The dominance of turkey thinking in schools is directly tied to standardized testing. Only turkey skills can be tested on a multiple-choice test, which are popular because they are scalable and because they are standardized. There’s a feedback loop here: admissions officers and employers want surefire data, so they choose those with the best turkey skills, who don’t know to look for anything other than “surefire” data. It’s tied to the rise of computers, which work very well plugging data into equations and finding the “optimal” solution. The problem is that computers can’t do sanity checks, like “is Toronto a U.S. city?” or “can home values really keep rising forever?”. They can’t step outside the system as soon as one of hundreds of red flags starts waving, like humans can. Continue reading

Creativity: Breaking the right rules

Ken Robinson, the man behind both of those videos, is a big name in education reform. It’s very possible that I’ll get shouted down for disagreeing with him (if anyone reads this at all). I’m going to act on his very advice and not be frightened of being wrong. After all, using him as a foundation is a great compliment. I’d merely like to refine – refine, I say! – a few of his points about creativity.

What educators want to instill is not creativity but expertise. Continue reading

For this sake, the internet was created

Last semester, I got extremely peeved at Dan Dennett for suggesting that a TED talk could replace religion. And while I still disagree with him – religious teachings can be more subtle, poetic, and nuanced than any 20-minute speech – I’m about ready to agree with him that TED may be the most intellectually stimulating source of ideas produced in the 21st century thus far. (Actually, it’s as old as the Macintosh, but it too only got massively popular in the last 5 years.)

Wikipedia is source of information; Google is a source of sources; IBM Watson is Google making a final answer (oops wrong show – and more on these three Ws is a Post For Another Day), but TED is a source of ideas. An idea is intrinsically human; only humans have ideas because our cognitive processes are interwoven, complex, unpredictable, and come in spurts. If those other sources are hamburgers made of a hundred different cows by an opaque industrial process, TED is a steak from the local farmer’s market. It’s another person talking to another person, sharing experiences and creativity and accomplishments in a way that only a highly intelligent and inventive human being can make coherent and compelling.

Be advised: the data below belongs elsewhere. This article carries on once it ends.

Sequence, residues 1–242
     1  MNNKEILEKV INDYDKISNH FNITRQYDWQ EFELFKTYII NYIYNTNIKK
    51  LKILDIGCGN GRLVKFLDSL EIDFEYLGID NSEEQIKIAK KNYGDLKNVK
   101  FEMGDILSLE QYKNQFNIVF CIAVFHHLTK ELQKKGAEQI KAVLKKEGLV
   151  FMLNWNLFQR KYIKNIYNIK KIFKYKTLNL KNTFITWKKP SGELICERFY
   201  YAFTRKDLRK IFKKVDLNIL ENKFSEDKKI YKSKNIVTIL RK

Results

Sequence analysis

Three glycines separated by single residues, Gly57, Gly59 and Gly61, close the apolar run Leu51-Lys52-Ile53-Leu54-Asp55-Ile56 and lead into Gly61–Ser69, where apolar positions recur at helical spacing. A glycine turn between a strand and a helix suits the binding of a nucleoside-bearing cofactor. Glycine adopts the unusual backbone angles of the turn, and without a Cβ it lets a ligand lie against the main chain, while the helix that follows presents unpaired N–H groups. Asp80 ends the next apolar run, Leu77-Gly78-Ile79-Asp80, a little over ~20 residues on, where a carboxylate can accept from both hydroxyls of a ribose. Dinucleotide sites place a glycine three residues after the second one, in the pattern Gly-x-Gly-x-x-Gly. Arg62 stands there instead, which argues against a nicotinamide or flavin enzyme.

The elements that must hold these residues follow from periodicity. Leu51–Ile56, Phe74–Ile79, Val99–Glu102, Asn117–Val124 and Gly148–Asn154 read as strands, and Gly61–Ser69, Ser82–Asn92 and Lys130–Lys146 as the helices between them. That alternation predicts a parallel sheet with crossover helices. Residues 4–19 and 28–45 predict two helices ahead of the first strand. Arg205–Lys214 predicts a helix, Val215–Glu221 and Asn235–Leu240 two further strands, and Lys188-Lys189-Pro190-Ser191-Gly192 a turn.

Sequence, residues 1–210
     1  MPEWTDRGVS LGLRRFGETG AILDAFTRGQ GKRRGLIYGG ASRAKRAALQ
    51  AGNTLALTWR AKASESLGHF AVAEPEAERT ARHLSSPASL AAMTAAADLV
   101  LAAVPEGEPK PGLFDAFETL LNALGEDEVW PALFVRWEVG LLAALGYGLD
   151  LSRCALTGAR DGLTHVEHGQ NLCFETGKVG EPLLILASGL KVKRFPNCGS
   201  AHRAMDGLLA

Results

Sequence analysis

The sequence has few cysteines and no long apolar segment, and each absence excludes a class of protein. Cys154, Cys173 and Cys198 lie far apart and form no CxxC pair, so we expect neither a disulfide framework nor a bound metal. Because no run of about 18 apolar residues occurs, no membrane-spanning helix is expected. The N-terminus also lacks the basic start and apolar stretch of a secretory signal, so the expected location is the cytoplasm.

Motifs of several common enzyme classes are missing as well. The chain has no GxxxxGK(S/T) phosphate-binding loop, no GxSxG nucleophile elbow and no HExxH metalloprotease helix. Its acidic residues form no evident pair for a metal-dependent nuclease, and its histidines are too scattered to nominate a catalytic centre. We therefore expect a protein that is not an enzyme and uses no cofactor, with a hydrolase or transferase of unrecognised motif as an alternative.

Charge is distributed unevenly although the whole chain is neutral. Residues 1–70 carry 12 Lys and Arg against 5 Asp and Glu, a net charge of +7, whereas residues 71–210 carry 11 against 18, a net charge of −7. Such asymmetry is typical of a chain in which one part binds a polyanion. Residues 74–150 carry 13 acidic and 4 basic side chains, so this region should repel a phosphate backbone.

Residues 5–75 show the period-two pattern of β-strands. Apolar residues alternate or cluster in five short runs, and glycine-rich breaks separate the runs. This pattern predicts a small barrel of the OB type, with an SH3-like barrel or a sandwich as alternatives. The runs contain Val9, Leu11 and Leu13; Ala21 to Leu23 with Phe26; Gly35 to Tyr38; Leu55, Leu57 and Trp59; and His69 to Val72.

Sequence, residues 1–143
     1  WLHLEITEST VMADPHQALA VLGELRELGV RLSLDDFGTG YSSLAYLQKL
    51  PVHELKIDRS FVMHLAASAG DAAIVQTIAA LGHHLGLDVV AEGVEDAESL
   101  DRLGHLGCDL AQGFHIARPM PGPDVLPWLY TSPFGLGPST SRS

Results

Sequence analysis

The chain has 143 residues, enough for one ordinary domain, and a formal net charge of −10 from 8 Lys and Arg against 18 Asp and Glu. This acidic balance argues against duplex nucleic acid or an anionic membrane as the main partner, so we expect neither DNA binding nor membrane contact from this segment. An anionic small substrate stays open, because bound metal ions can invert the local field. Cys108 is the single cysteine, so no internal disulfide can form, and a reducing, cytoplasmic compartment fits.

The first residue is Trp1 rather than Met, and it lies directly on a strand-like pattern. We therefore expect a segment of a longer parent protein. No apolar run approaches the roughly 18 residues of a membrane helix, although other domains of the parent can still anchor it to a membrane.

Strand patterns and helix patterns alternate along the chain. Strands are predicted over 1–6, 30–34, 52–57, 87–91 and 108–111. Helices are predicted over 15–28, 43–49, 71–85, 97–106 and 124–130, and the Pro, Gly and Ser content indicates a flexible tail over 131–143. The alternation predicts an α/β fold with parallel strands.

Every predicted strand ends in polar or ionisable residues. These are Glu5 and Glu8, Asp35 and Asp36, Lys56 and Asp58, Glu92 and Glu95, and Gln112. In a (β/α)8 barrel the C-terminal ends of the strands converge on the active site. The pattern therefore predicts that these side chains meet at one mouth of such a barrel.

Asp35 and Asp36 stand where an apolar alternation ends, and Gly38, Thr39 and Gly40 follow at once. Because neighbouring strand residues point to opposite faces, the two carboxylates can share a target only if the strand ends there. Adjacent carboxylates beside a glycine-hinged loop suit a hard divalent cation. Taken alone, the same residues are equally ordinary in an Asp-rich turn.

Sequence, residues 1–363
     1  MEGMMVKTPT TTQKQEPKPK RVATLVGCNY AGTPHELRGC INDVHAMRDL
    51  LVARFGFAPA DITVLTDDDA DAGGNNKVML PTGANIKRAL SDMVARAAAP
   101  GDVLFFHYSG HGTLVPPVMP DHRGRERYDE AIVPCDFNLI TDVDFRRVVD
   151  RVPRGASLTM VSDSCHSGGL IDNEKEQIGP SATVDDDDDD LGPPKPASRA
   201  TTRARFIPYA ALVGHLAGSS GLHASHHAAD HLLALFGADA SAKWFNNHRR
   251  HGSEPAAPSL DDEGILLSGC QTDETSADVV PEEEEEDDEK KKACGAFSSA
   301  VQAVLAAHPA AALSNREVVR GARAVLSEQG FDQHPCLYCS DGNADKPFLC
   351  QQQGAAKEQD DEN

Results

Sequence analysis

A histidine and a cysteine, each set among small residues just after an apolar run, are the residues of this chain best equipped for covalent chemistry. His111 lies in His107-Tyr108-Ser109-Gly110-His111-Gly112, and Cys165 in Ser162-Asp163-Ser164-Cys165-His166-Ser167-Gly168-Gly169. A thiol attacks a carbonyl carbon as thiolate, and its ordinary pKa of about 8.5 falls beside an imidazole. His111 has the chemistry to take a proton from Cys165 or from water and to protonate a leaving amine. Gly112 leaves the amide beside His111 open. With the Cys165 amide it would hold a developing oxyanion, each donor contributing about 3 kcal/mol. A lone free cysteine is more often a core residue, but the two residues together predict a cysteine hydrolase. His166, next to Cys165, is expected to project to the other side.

Most recent is this one:

The new piece isn’t out yet, but the original:

I couldn’t get through it. Still can’t. It’s too beautiful.

I’ve criticized Tron: Legacy for being an unrealistic depiction of computer science. The score’s climactic track, Flynn Lives does not convey what the internet is precisely because it is so emotionally epic. But Lux Aurumque is precisely what the internet is. Musically, it’s much more subtle, much more hauntingly beautiful without trying to get your attention but by simply being. But more importantly, it was made on the internet, by dozens of volunteers working together, and connecting to one another over the experience, hosted from start to finish on free and public YouTube and talked about and introduced to me via TED.

This is the culmination of secular human knowledge. Everything we’ve built or learned, from Euclid discovering harmonics from blacksmith hammers to the telegraph to the workers who laid fiberoptic cable under the ocean to the programmers who worry about packet loss – all contributed to this beauty, this wonder. This is why I’m a computer scientist – to enable this. I make the STEM; this is the flower.

Yeah, have I mentioned humanity is awesome lately?